The same day that the warrant was issued, the Sherrods drove their car through the District of Columbia, where they were pulled over by two United States Capitol Police patrol cars. Compl. ¶ 34. After Ms. Sherrod pulled her car over to the curb, three police officers approached, and two of them pointed shotguns at Mr. and Ms. Sherrod. Compl. ¶ 34. The lead Capitol Police officer told Ms. Sherrod that there was a report that their car was stolen, which Ms. Sherrod immediately denied. Compl. ¶ 35. The officer then said that he was “not going to arrest any ‘senior citizens' and instructed them to wait inside the car.” Compl. ¶ 35 A few minutes later, Det. McHugh arrived on the scene, ordered the Sherrods out of their car, and said “Remember me? I am going for your gun and [to] seize your vehicle.” Compl. ¶ 36. After searching the car, Det. McHugh did not find a gun or any other contraband. Compl. ¶ 36 Plaintiffs were so visibly upset by the ordeal that the lead Capitol Police officer consoled Mr. Sherrod. Compl. ¶ 36. The time from when the Sherrods were pulled over until they were released lasted approximately 90 minutes. Compl. ¶ 37.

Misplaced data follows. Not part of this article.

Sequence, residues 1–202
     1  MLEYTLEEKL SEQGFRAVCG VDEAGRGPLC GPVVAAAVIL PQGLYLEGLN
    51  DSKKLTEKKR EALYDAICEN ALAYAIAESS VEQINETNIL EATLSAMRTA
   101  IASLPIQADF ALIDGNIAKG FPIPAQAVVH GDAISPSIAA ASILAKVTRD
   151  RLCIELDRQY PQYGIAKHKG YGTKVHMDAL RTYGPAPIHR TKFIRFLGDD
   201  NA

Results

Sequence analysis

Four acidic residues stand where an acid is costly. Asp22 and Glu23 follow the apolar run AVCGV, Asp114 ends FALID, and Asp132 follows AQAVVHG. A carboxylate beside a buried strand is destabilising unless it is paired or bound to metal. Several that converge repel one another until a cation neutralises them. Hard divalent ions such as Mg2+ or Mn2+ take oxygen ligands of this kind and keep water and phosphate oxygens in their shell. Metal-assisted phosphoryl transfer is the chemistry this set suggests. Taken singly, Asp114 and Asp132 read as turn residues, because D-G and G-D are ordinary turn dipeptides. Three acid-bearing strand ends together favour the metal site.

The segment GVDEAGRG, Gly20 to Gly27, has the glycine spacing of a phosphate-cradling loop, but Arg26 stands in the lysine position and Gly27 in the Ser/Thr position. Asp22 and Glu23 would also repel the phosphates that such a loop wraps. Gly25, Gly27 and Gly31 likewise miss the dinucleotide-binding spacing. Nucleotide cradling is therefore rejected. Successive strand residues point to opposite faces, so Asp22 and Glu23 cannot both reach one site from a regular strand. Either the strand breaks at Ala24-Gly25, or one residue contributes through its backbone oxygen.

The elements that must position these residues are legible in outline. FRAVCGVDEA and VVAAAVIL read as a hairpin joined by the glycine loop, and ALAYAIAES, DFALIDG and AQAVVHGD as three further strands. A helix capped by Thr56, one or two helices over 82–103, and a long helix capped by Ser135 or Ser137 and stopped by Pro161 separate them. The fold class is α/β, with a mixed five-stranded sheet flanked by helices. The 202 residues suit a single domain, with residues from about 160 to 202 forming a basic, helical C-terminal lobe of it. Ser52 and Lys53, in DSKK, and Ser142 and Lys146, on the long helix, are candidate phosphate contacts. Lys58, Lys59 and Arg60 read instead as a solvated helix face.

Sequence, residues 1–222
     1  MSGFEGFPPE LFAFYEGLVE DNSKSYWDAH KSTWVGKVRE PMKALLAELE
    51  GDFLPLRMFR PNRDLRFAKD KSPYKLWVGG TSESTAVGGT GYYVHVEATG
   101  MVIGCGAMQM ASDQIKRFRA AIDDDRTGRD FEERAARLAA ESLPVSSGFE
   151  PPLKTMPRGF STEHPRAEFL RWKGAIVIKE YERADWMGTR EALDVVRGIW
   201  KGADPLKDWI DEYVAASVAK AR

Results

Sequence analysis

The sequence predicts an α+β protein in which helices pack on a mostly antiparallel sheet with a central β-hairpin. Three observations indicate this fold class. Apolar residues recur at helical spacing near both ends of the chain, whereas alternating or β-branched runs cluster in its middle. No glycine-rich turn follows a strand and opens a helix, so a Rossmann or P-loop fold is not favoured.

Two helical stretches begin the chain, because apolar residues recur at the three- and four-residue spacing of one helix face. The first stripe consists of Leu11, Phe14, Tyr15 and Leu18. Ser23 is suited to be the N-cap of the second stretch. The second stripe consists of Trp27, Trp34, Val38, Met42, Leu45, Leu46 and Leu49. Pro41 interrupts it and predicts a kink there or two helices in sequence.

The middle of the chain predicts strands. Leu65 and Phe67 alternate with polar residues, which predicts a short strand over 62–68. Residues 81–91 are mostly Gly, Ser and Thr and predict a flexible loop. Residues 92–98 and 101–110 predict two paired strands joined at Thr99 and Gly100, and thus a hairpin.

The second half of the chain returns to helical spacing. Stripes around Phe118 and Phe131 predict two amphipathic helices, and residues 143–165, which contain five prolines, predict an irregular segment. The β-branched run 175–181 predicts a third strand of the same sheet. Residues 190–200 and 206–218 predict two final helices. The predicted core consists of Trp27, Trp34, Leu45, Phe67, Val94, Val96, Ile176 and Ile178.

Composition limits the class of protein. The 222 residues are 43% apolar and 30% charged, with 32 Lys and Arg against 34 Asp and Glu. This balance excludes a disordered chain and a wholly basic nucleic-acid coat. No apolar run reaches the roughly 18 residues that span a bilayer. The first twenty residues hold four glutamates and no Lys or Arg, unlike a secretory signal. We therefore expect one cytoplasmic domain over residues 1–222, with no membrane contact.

D. The Search of the Sherrod Home